- Pump up the produce—and flavor! Fresh whole fruit and unsweetened dried fruit naturally contain sugar, but unlike other sweeteners, they also contain fiber and nutrients. Using fruit in your muffins means you can have a lighter hand on the added sugar. Cooked or raw vegetables, such as caramelized onions, sliced jalapeños, and snipped chives, can add interesting textures and savory flavors to muffins.
- “Egg” centuate the power of eggs. Eggs have gotten an undeservedly bad rap, but research indicates that an egg a day is generally fine for healthy people, so there’s no need to cut out eggs in muffins and other baked goods. Folding whipped egg whites into a batter can help lighten it up—a great trick to use with whole grain muffins, which often have dense batters. A lighter batter also means that you can use a smidge less baking powder, helping to curb sodium.
- Skimp on the full-fat dairy products. Dairy products such as whole milk can be high in saturated fat, and they’re not essential to make a great-tasting muffin. The Great Muffin Makeover recipes use low-fat Greek yogurt or low-fat buttermilk to replace whole milk, yielding moist, tender baked goods. Soymilk and nut milks can also be used to replace regular milk. Keep in mind that the switch to lower fat dairy items is not done to lower total fat: These recipes emphasize replacing saturated fats with healthy fats.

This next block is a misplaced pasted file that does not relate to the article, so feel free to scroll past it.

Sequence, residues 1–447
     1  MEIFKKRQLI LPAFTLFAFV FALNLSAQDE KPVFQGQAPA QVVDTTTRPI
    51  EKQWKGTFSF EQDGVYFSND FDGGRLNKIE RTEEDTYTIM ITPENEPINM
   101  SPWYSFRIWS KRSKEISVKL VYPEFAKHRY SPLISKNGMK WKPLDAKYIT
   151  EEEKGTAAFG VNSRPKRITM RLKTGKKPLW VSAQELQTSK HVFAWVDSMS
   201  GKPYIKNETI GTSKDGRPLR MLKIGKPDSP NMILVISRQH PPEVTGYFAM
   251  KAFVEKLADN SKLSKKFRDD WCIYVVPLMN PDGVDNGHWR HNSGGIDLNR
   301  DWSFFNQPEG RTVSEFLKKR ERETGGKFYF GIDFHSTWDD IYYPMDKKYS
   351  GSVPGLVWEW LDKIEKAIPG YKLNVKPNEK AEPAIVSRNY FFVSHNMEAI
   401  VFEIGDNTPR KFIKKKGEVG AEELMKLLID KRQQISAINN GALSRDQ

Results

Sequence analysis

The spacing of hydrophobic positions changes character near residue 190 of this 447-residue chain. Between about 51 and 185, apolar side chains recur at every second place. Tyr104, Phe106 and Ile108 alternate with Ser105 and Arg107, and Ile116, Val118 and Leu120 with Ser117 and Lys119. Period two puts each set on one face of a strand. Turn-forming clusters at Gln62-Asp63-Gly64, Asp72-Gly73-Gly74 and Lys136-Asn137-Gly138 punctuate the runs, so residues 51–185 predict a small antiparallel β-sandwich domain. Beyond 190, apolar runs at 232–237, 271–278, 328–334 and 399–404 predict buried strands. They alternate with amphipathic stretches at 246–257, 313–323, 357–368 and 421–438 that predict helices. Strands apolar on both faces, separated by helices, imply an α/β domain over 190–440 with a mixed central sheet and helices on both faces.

- Stretch small indulgences. Butter and cheese are high in unhealthy saturated fat, so we want to limit these foods in our daily diets. But using these and other “indulgent” ingredients in small amounts can add zip to muffins, without adding too much unhealthy saturated fat. In The Great Muffin Makeover Jalapeño Cheddar Corn Muffin recipe, a few ounces of sharp cheddar cheese add great flavor.
- Take a stealth health approach. Invite people to taste your revised recipes before telling them about the changes. Many people react negatively to a “better-for-you” version before they even taste it, but if they get the chance to taste first, they will likely agree that they like it just as much as—or even better than—the original.
- Hu FB. Are refined carbohydrates worse than saturated fat? Am J Clin Nutr.2010 Jun 1;91(6):1541-2.
- Jakobsen MU, Dethlefsen C, Joensen AM, Stegger J, Tjønneland A, Schmidt EB, Overvad K. Intake of carbohydrates compared with intake of saturated fatty acids and risk of myocardial infarction: importance of the glycemic index. Am J Clin Nutr. 2010 Apr 7;91(6):1764-8.